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Monday Musings: Everything You Know About Blogging is WRONG!

September 12, 2011

Or maybe it’s not.  I know that most of what I know about blogging is probably wrong.

Anyway, a month or so ago someone Tweeted a link to a blog, which led to another blog and although I can’t remember who said it now, there was some pretty good advice.  Basically that advice is that most of us writers are not blogging the way we should.

The main problem as the author said is that we blog for other WRITERS with tips and stories from the trenches and so forth.  (Or just long-winded, profane rants after rejections.)  While this is all good for making contacts with other writers, it’s not really going to build much of a platform for you.

Instead what the author of this article suggested was that you need to target your book’s audience.  Granted other writers may be part of that audience, but probably not the main part of it.  So what you need to do is think like an ad exec, like one of those “Mad Men” guys, except think less about screwing your secretary and more on the task at hand.  Who’s going to read your book?  Not just “people who read fantasy” or “people who read sci-fi.”  Be more specific:  what kind of people?  Kids?  Teens?  20-30something adults?  Middle-aged adults?  Elderly adults?  Males?  Females?  So on and so forth.

In the article the author identified his audience as young women teens-20somethings who like to read stories about women kicking butt.  (Or something like that.  Again I wish I’d saved the link to look it up later.)  So when he writes his blog, he focuses on writing things those people will enjoy.  In turn those people may buy his book.  And chances are there a lot of young women who like stories about women kicking butt who are not writers.

Now I know Mr. Pagel already does this to some extent with his blogs by focusing each one on a specific niche.  As usual, though, I have no idea what I’m doing.  What’s my audience?  How the fuck should I know?  30-40something men who like dirty jokes—though not TOO dirty?  So that’s the problem for me.

OK, now let’s say I’m creating a blog for A Hero’s Journey (which at some point I’m bound to do); what’s my audience?  Let’s say I go along with what the author said for the most part and say my target audience is teens-20something women who like reading about a woman kicking butt.  I’d probably also say that they’re nerds who like comic books and superhero movies.  (Of course I wouldn’t call them nerds to their faces…)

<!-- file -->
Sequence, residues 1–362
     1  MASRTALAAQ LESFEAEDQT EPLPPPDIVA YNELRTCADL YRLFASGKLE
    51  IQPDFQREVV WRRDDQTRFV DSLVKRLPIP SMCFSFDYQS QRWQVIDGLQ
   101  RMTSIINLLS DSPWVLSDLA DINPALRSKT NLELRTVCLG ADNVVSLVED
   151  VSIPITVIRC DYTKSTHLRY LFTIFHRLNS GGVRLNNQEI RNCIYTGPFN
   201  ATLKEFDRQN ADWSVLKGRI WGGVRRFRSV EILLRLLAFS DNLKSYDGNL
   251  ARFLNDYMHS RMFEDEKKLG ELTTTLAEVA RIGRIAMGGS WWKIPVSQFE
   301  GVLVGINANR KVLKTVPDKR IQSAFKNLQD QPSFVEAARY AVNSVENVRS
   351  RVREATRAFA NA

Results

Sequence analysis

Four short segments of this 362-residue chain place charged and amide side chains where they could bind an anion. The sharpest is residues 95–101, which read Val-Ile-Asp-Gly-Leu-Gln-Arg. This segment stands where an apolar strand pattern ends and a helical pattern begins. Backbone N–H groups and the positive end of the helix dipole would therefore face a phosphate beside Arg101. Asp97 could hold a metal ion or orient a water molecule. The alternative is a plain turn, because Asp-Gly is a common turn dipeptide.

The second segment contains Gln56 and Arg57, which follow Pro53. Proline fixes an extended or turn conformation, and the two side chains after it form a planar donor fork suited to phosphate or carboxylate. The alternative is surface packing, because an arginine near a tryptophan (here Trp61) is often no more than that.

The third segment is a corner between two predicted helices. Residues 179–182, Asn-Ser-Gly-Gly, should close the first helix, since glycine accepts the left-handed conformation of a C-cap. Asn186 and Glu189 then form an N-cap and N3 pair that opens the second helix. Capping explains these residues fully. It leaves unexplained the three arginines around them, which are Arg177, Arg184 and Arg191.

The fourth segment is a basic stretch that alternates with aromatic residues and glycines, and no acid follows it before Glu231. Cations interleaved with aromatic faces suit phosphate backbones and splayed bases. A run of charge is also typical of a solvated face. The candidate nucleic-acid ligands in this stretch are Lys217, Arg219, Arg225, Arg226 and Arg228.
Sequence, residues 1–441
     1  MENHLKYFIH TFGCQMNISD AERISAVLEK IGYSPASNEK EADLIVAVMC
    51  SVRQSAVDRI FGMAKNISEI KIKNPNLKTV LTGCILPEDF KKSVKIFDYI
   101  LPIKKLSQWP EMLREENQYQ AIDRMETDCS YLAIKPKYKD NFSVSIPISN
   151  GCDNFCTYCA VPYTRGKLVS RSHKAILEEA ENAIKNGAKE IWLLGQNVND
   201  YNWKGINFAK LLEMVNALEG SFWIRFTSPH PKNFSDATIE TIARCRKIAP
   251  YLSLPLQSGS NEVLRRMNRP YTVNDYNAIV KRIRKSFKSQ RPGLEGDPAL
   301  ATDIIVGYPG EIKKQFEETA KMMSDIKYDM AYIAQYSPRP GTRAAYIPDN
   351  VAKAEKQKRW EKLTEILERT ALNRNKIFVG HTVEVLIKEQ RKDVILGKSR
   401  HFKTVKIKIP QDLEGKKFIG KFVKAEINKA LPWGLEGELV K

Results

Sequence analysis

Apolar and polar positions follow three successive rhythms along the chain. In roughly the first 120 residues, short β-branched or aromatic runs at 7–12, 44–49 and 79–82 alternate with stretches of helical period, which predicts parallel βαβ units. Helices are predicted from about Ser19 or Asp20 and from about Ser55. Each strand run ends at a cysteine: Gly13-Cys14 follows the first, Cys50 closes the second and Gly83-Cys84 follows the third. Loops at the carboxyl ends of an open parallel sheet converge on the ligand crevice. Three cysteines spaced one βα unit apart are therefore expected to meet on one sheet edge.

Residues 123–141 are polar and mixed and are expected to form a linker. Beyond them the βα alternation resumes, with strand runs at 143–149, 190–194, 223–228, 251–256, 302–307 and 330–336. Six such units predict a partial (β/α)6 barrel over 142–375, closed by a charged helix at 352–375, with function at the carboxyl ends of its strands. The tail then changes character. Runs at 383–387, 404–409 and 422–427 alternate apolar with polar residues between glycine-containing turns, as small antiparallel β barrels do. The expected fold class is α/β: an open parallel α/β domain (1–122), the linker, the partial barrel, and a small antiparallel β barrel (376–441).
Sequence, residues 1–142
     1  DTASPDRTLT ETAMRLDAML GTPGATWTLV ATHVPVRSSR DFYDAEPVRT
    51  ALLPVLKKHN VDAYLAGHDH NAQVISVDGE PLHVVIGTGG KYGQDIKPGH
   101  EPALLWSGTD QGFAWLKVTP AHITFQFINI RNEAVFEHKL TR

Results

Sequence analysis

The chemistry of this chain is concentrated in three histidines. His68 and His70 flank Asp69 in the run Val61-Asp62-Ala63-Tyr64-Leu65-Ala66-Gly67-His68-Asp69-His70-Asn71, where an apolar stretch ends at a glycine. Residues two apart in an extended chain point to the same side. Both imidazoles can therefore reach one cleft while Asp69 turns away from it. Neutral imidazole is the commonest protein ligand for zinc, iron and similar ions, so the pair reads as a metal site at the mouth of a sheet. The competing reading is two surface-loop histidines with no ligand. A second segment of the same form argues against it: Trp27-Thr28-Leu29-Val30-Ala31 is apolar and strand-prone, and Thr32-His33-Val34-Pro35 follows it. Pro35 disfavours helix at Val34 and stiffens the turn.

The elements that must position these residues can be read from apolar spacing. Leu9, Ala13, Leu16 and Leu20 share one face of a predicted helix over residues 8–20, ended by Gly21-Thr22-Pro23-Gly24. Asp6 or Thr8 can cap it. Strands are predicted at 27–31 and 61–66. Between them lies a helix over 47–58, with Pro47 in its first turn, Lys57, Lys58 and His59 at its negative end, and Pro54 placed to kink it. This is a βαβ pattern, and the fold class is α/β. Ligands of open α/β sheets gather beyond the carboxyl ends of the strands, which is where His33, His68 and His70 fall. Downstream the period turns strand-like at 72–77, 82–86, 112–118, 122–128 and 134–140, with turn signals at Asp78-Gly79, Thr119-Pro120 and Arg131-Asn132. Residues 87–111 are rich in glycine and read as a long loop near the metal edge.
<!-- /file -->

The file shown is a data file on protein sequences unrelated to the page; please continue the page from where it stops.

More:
Now then, this imaginary demographic probably isn’t made up entirely of writers.  So posting a bunch of Terrible Tips about writing isn’t going to interest them.  What I really need is to write about things they might give a crap about.

Thinking about the subject material of my story, I’m thinking of a couple of ideas.

  1. Discussions about stupid things like which female hero is the best or who could kick whose butt.  (Which I’d probably need Mr. Pagel to write for me because he knows a lot more of those than I do.)  And discussions/polls about which superhero movies are the best or which upcoming ones people want to see.
  2. News and views:  news about comics/superhero movies and maybe some short commentary.  (Again, I’m way out of my depth there.)
  3. Practical Superheroism:  This was something I thought of the other day.  It’d be short pieces (videos would be optimal, but I don’t have the kind of money for that) about how to go from zero to hero.  Things like how to make a costume, training regimens, weak points on the human body, tactics, and so forth.  (With a big ol’ disclaimer saying DON’T TRY THIS AT HOME!!!)

The gist of the idea then would be people go to the site and enjoy the content and then maybe decide to buy my book.

As usual, though, the biggest hurdle would be getting people TO the site.  That’s a problem for another time.